After nearly being physically strong-armed by my therapist, I’ve waded into the waters that define modern courtship. I remember the first time a potential suitor physically saw me, “Your pictures don’t do you justice.” I’m sure he noticed me physically recoil, but moved on without missing a beat. Needless to say, we went our separate ways at this point.

It happened again recently. He flat out told me he hated being told that his compliment was given in error. It was essentially calling him a liar. I began to wonder if my skepticism was a defense mechanism or an inherent trait – hell, maybe both. Little did he know that deep down I was beginning to relish in those words.

Only fairly recently has it gotten better. I’ve only now accepted that I deserve to have a partner who adores, cherishes and respects me. I’ve only now accepted that I am a kind, intelligent young woman capable of accomplishing so much. That I have some of the most wonderful friends. That what makes me beautiful. sensual and sexy goes farther than my physical being. But that my legs look damn fine in my favorite pair of heels. That it’s fine to admire my butt after leg day.

I’m gonna have to give my therapist a gift, turns out her little exercise did wonders.

 

 

The Way the Cookie Crumbled.

In a few short weeks, the one-year anniversary of that day will creep up on me. I’m not sure if the day will pass as the last 300 days have or if I will feel some intense emotion. No really, it’s been 300 days to the day I left my marriage. Over the last 300 days, I’ve dusted myself off. I’ve continued seeking professional help. I’ve pushed myself outside of my comfort zones. I’m the same, yet I’m not.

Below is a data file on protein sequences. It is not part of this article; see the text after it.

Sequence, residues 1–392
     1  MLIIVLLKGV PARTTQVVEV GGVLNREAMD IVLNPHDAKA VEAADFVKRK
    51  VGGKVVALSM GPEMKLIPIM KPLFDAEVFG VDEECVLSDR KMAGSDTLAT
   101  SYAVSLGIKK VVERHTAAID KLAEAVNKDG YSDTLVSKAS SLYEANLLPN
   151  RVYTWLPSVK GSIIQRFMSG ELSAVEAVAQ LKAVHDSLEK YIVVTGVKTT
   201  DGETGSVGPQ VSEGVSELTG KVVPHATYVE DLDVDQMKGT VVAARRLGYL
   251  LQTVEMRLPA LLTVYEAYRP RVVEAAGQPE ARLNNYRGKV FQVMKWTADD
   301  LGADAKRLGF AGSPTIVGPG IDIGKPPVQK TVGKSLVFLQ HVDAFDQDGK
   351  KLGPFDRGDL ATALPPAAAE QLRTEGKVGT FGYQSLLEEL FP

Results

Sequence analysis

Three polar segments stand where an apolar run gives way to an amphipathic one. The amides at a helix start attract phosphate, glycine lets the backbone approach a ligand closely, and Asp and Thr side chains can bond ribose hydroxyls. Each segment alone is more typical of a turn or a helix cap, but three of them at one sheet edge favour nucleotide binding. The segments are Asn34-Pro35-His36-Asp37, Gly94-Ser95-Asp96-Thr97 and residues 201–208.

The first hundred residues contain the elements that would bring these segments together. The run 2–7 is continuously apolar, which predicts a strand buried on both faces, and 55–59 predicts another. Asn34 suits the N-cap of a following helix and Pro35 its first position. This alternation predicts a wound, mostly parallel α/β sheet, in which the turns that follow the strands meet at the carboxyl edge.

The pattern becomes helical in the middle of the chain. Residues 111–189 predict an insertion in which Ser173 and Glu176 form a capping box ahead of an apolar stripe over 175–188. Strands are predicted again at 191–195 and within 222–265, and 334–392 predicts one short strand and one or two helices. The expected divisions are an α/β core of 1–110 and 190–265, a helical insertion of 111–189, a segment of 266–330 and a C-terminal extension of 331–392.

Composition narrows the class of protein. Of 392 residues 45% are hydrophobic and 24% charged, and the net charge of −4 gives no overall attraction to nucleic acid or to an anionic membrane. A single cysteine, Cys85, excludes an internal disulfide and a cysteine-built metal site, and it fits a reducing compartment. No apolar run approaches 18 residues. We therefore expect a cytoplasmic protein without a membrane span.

The elephant in the room is what happened to my faith. At one point, I loved Islam with everything. I daydreamed about having six children, all named after esteemed predecessors and prophets of Islam. I even wore the niqab for a period of time. I would say the doubts began during my first pregnancy, however.  Typically with ideas surrounding women. They would quickly be dismissed and I even became an expert in ignoring them, much like other flames billowing from under the door. Around a year before the thought of divorce ever crossed my mind, my foundation cracked and when I finally left, I barely had any faith to hold on to.

During those six or seven years, I edited so much of myself and my opinions. The last thing I wanted was to be ostracized or worse; seen as a fraud…a fake Muslim. A term so freely that is thrown around.

That isn’t to say I didn’t try. That I didn’t listen to countless lectures. That I didn’t read my Qu’ran. That I didn’t surround myself with sisters in the same circle. But, I know what happens to people such as myself. We wind up being on the outskirts, left to go our own way. I don’t blame them, necessarily as apart of maintaining a strong community is being around like-minded individuals. We all do it.